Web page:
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Re: Review Comments for draft-nottingham-http-link-header-05

From: Julian Reschke <julian.reschke@gmx.de>
Date: Fri, 17 Apr 2009 22:26:20 +0200
Message-ID: <49E8E5EC.1040000@gmx.de>
To: "Sean B. Palmer" <sean@miscoranda.com>
CC: HTTP Working Group <ietf-http-wg@w3.org>, www-archive <www-archive@w3.org>
Sean B. Palmer wrote:
> On Fri, Apr 17, 2009 at 7:43 PM, Julian Reschke wrote:
> 
>> A TAG finding is not a standard.
> 
> Well, who decides how much standing a TAG finding, or a W3C
> recommendation, or an IETF RFC, or an ISO standard has?

Dunno.

What I was trying to say is that if the W3C wants to make a normative 
statement, it should do so by issuing a Recommendation, because that's 
the closest thing in the W3C Publication System to a Standard.

> But even socially speaking, there is some obvious substance here: the
> TAG finding was announced by Roy Fielding, an author of the HTTP RFC.
> And the TAG chair is another author of the HTTP RFC.

I happen to be aware of that, as I've been spending some time editing 
the latter lately :-).

Anyway, before you cite Roy as authority sanctioning the httprange 
finding, you may want to search the TAG mailing list archive for more of 
his emails around this topic 
(<http://lists.w3.org/Archives/Public/www-tag/2008Feb/0086.html> is an 
example).

> This isn't just somebody's opinion on a mailing list, it's a W3C
> resolution of something that had been causing intense argument for
> years and years.

And continues to do so.

>> And even if it was, not stating anything about retrieval
>> wouldn't conflict with it.
> 
> Well it makes the Web Linking specification inconsistent. If you can
> use extension relations as RDF properties, then the only way you can
> tell whether they're valid is to dereference them. And Web Linking
> says you SHOULD NOT dereference them... so why force people to do it?

Could you elaborate why you need to dereference the URI of an RDF 
predicate to validate it?

> You can be compatible with RDF, or you can be incompatible. But at the
> moment it's being quasi-compatible, which isn't good.
> 
>> (I'm honestly trying to understand the implications!).
> 
> The most concise way that I can put it is this:
> 
> If Link is supposed to be compatible with RDF, then you have to
> explain why you're not mandating 303 responses for extension
> relations. If Link is not supposed to be compatible with RDF, then you
> have to let RDF people know so that they won't be misled.

Again, please cite a normative document that states that the URI used to 
identify an RDF predicate needs to be a non-information resource.

>> Extensibility is already there for Atom relations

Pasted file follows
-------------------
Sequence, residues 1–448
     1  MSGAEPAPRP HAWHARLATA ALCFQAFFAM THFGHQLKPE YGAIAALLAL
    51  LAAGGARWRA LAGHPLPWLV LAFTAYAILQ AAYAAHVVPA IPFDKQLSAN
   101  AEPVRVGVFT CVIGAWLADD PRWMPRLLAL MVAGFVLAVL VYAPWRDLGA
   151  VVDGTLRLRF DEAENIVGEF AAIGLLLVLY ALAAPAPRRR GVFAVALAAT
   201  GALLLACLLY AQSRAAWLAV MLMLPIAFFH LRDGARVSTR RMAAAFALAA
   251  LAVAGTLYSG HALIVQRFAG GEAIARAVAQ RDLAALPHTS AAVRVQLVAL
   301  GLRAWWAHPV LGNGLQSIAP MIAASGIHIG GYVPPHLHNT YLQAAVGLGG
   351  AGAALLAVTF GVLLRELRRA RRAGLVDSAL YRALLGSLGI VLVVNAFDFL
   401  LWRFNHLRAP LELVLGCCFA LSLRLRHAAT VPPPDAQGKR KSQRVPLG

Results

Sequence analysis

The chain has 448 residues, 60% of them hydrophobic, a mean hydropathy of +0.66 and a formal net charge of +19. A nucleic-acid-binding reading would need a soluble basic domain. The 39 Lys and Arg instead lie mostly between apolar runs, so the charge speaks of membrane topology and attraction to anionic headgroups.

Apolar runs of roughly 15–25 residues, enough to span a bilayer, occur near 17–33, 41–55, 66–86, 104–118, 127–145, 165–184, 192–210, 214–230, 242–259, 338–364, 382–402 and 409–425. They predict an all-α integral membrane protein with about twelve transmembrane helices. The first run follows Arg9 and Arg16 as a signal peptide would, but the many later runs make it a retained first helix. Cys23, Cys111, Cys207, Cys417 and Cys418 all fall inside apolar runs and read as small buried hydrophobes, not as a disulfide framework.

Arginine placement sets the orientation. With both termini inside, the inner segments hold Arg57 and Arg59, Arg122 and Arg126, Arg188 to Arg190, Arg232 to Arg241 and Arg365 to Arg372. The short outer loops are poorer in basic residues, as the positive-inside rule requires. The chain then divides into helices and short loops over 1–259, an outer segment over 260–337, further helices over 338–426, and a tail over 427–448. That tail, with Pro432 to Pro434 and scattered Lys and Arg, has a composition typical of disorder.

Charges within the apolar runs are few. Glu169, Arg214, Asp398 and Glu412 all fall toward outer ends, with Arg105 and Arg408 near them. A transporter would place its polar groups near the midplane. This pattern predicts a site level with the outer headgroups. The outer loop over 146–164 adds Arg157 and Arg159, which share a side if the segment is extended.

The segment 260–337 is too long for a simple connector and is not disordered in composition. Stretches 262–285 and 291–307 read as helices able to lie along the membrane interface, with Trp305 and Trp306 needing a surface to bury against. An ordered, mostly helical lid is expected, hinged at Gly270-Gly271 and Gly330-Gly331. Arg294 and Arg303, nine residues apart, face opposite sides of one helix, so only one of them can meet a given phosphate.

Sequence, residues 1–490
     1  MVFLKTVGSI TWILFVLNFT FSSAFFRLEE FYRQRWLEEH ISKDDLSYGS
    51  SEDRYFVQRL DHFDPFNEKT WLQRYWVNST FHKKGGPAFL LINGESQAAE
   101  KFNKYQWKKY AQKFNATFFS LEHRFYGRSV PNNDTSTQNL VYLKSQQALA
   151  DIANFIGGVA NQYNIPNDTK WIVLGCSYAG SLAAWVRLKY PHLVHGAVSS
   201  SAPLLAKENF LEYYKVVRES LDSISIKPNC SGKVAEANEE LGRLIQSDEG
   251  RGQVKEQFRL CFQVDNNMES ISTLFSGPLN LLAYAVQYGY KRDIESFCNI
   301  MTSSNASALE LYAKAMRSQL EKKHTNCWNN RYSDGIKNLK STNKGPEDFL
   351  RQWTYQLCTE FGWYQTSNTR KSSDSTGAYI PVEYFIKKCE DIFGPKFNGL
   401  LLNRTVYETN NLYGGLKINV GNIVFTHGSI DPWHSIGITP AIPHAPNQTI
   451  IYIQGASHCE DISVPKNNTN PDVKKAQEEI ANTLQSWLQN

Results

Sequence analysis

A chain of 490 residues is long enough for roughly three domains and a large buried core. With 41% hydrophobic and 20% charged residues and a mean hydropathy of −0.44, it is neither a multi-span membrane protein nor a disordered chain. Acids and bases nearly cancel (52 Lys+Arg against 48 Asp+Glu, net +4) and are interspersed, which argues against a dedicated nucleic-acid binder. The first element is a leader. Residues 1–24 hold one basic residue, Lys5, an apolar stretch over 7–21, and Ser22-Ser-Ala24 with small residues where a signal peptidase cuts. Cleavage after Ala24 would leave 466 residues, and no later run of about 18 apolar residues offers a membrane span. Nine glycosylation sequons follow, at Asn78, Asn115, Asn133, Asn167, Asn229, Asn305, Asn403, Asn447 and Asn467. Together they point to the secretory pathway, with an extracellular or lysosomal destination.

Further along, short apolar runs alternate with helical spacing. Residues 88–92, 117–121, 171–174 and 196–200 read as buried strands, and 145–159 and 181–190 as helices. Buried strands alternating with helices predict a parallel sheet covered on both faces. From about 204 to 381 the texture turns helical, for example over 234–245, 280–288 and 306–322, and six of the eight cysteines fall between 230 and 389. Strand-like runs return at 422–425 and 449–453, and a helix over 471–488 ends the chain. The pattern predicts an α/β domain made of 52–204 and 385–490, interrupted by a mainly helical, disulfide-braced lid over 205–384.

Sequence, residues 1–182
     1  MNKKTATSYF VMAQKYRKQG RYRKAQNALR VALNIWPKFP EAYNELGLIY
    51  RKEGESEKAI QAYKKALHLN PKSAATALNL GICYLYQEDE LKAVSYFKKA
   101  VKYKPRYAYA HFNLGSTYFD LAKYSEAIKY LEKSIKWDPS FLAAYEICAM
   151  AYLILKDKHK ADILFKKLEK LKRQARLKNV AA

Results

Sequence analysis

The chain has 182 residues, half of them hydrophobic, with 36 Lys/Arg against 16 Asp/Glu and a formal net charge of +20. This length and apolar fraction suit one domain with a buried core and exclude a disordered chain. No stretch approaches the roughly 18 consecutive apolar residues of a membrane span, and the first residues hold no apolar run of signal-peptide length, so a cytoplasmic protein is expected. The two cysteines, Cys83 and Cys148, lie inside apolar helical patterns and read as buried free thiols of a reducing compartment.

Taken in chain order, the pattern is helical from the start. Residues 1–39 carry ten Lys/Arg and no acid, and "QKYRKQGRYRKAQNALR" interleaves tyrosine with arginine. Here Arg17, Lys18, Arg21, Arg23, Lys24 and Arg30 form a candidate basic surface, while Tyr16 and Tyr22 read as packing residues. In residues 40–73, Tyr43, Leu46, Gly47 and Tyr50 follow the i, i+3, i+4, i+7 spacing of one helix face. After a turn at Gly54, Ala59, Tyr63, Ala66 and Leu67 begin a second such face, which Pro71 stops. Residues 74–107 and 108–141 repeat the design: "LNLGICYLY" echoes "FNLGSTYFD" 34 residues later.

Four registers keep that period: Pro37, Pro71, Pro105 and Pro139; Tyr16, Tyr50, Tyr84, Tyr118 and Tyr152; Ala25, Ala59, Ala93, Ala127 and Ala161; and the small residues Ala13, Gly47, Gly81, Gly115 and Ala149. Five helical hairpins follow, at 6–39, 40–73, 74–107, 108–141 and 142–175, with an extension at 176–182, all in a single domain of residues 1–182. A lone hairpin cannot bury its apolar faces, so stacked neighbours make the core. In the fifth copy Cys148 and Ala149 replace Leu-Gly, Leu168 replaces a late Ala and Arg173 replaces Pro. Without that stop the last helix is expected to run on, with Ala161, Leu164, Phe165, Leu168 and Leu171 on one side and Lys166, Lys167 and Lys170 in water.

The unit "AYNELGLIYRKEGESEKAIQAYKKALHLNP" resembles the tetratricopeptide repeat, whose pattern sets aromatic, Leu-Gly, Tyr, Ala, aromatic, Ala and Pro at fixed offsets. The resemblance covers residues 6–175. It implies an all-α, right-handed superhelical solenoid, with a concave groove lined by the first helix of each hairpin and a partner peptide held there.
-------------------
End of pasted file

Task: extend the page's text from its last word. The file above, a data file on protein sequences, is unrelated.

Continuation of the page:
> 
> It'd be interesting to survey how often Atom IRI relations are used in
> proportion to Atom registered relations.

Dunno.

> ...
>> Reversed domain names would be a new approach to do distributed
>> extensibility. If this would be used, people will build bridges between
>> the new system and URI based extensibility anyway.
> 
> Possibly, but possibly not? The HTML WG link types registry makes it
> look like people care about extensibility. But, to be cynical, perhaps
> they really care about politics and transparency and so on?

What registry do you mean? The one proposed by the WHATWG? The one 
proposed by the XHTML2 WG?

As far as I can tell, HTML4 didn't have a registry, which is part of the 
problem we need to solve.

> Those are good things to care about, but it's not Web Linking's place
> to try to fix that. The point should be to judge how often people are
> really going to want to implement extensions. How can we gauge how
> popular it will be?

We have evidence that people make up new relation names. Whether a 
single central registry is sufficient to deal with that is another 
question. History shows that people try to avoid registration 
procedures, thus having another way to avoid naming conflicts seems to 
be good.

>> I believe that distributed extensibility based on URIs is good.
> 
> Where do you use it, incidentally?

Myself? In WebDAV (properties, protocol extensions such as condition 
names or report names). In JCR (Java Content Repository), identifying 
property and node types. When extending other people's XML vocabularies. 
All the time, really.

>> If the semantic web community is so convinced about it, why isn't
>> there a W3C Recommendation which clearly states how to deal with
>> RDF predicates that happen to be identified by an HTTP URI?
> 
> I'd guess because the RDF Core WG was disbanded before the TAG
> resolution was made, and because it tends to be covered in notes such
> as the following:
> 
> http://www.w3.org/TR/swbp-vocab-pub/
> Best Practice Recipes for Publishing RDF Vocabularies
> 
> http://www.w3.org/TR/cooluris/
> Cool URIs for the Semantic Web
> 
> Again I'm not defending this design, and my proposal is to eschew the
> thing entirely. But if you're going to encourage compatibility with
> RDF, it's got to be done right if Web Linking to be a decent
> specification.

I think it would be helpful if you could point out how having link 
relation URIs resolve to 200 actually is in conflict with an RDF related 
spec, and also how it would have an effect in practice (given the fact 
that DC URIs today do not resolve to 303s either).

BR, Julian
Received on Friday, 17 April 2009 20:27:12 GMT

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